I did this survey to reground myself in the language of real people, as they really are, when they are in the middle of real disputes.

I really, really need to understand and to speak the language of real people in a way that is real to them when I’m marketing my services. I’m not there to see how my words are working and how people react to them. I can’t see it when they read my website and wince. I need the kind of information this survey provides to be able to describe what I do, how I do it, and when I might be able to help.

So – to the heart of it – what did we learn? Keep reading or click here

Real People, Real Disagreements

Thursday, February 5th, 2009

Here are the results of a survey I took of real people talking about their real disagreements.

I asked you to think back on a serious event, which you would have called a Disagreement (50.0%), Conflict (48.2%), or Difference of Opinion (48.2%), Strained Relationship (41.1%), Confrontation (39.3%), Issue (37.5) or Dispute (33.9%). What was happening with you during that time is you felt Frustrated (80.7%), Annoyed (50.9%), Angry (42.1%), Unhappy (42.1%), Upset (40.4%), and Unfairly treated (38.6%).

What you wanted to have happen was A solution (54.4%), A resolution (49.1%), An agreement (47.4%), Resolution (47.40%), A sustainable solution (45.6%) and To be understood (45.6%). What you didn’t want is Money (3.5%), To cause the other grief (1.8%), A public statement (1.8%), Attorneys’ fees (1.8%), Recompense (0.0%), To ignore it (0.0%), or To sue (0.0%).

What you wanted from an outside person were Suggestions (59.3%), Solutions (53.7%), Assistance (53.7%), Advice (51.9%), Support (51.9%), and Recommendations (51.9%). You didn’t want the outside person to sue the other person (1.9%), To avenge you (1.9%), to threaten the other person (0.0%), to cause the other person pain (0.0%), to cause the other person expense (0.0%).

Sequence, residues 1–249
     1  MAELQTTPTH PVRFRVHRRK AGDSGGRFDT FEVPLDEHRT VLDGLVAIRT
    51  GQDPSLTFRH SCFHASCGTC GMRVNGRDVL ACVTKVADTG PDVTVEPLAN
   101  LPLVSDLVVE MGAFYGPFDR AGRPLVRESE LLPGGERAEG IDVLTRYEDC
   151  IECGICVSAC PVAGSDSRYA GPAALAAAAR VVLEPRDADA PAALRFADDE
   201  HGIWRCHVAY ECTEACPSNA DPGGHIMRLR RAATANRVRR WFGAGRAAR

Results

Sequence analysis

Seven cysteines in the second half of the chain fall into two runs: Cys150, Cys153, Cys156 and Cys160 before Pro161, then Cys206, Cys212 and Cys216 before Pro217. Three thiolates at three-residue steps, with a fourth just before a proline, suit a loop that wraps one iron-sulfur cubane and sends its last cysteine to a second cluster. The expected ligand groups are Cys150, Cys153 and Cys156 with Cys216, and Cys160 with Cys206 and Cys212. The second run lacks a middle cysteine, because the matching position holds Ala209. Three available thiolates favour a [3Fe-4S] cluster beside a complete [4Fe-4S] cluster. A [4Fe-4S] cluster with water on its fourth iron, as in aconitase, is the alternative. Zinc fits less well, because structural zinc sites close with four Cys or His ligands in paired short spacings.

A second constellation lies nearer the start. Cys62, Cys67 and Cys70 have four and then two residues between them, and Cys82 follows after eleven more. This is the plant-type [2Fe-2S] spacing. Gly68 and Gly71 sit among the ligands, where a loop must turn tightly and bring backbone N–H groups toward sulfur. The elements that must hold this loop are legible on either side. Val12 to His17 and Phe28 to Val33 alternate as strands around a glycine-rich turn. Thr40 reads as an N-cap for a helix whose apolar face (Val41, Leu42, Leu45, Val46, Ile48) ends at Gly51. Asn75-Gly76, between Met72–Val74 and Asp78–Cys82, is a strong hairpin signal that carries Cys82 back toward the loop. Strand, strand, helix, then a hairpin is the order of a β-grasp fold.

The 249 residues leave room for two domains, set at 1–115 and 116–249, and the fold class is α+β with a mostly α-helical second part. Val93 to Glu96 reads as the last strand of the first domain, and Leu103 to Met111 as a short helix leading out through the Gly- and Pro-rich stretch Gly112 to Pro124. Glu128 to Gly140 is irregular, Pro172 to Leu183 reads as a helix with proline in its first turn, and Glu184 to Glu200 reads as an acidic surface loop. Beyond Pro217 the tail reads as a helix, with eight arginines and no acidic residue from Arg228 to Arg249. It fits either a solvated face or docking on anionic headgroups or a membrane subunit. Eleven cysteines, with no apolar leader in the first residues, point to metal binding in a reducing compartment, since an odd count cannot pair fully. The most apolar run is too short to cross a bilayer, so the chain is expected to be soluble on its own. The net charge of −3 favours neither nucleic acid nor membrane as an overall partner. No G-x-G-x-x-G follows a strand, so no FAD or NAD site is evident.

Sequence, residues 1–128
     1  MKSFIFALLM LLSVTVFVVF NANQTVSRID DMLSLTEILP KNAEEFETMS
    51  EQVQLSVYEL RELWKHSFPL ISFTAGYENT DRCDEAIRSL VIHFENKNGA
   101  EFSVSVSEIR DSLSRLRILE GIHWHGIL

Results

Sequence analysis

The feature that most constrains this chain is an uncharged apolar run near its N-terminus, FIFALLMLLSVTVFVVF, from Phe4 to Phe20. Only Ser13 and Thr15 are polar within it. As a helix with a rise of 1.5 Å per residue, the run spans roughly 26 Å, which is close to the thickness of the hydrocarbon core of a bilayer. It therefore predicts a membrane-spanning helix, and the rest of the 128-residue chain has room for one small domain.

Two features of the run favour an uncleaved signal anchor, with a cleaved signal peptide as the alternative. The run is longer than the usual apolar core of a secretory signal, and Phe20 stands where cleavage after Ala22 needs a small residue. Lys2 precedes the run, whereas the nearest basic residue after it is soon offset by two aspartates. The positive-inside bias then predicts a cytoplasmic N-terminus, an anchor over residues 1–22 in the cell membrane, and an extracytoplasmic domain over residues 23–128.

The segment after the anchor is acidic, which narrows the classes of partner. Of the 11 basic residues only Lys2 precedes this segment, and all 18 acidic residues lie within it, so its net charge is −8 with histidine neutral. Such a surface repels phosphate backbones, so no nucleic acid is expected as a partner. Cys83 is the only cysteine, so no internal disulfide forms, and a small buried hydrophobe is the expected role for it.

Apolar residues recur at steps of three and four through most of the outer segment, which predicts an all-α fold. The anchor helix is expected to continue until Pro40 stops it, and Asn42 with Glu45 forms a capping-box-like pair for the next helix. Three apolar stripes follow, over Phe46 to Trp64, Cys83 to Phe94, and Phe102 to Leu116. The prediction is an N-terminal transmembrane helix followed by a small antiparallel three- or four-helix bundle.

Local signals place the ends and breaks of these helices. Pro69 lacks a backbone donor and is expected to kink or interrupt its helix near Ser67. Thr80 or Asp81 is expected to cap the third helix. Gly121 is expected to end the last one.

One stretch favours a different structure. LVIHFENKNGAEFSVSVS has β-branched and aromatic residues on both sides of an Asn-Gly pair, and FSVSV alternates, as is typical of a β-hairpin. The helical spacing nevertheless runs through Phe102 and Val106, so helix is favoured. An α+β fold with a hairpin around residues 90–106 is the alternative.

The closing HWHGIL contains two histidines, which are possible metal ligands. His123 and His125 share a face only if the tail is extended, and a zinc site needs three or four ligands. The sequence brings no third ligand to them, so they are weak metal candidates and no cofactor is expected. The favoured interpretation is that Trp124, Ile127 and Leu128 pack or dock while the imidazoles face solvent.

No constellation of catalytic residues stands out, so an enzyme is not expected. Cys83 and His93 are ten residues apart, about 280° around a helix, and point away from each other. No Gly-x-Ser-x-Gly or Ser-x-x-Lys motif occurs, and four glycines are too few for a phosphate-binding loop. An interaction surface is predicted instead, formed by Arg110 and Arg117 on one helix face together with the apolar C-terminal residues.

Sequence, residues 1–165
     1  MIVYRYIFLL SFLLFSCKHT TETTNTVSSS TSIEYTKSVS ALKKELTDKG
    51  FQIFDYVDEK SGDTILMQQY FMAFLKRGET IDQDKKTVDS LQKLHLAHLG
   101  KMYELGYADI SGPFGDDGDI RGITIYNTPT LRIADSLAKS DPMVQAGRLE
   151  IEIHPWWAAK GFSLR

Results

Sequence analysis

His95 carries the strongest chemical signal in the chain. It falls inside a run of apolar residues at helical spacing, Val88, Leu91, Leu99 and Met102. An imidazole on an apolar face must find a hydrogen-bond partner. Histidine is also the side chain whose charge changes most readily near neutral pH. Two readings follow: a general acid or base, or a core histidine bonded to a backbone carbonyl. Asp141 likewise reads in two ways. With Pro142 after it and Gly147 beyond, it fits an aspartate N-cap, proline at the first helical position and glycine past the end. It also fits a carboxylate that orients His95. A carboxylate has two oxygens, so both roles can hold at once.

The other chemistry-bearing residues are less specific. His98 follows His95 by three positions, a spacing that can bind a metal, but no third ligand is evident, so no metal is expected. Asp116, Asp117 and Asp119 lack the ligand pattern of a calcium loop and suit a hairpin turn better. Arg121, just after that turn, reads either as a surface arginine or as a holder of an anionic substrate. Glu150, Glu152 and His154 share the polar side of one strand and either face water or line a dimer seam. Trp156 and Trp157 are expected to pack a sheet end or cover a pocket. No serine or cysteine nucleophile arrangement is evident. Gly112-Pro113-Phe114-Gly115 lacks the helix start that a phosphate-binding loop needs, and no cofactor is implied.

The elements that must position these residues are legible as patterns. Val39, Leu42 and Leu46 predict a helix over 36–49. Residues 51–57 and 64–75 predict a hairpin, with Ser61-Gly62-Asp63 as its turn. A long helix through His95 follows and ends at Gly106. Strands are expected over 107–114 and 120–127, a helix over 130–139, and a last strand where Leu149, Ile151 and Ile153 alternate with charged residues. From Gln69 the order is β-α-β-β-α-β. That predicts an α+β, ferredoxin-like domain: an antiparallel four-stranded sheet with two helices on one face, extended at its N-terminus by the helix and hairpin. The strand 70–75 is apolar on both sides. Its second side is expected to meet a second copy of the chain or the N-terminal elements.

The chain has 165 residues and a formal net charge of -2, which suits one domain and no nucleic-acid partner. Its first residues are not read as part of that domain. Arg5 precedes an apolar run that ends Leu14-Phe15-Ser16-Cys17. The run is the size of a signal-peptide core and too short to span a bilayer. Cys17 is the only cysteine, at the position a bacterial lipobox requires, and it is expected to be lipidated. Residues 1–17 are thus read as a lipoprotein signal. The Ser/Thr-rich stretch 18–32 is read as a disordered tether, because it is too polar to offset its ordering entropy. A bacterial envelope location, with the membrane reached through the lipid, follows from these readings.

Considering how you felt at those times, you felt better about these ideas: Being understood (4.34 out of 5), Resolution (4.31), Being heard (4.29), Results (4.24), Solution (4.24), Agreement (4.23), Being acknowledged (4.20), Thank you (4.18), Productive (4.11), Result (4.10), and Cooperation (4.08). You felt worse about these ideas: Adversarial (1.76 out of 5), Leave it (1.76), Drop it (1.68), Ultimatum (1.67), Patronize (1.46), Give up (1.45), and Lawsuit (1.38).

Facing that kind of situation now you’d be more likely to involve a Mediator (3.83 out of 5), Mentor (3.74), Conflict Resolution Specialist (3.72), Dispute Resolution Professional (3.58), or Facilitator (3.53). You’d be least inclined to involve an Attorney (2.56 out of 5), Therapist (2.47), Referee (2.41), Pacifier (2.36), Judge (2.35), or Umpire (2.05).

The contexts of the situations you were thinking about were Workplace/workgroup (61.2%), Family matters (34.7%), Professional Services (26.5%), Neighborhood/Community (22.4%), Real Estate/Property (22.4%).

Demographics. 78% of you were 40+ years of age, mostly female (52.1%). You often work with other people (77.1%), are homeowners (66.7%), are parents (54.2%), are employees (50%) or are employed by someone else (43.8%).

What do you think? Surprised? There were certainly parts that surprised me – so I’m really glad I had your help. Thanks again!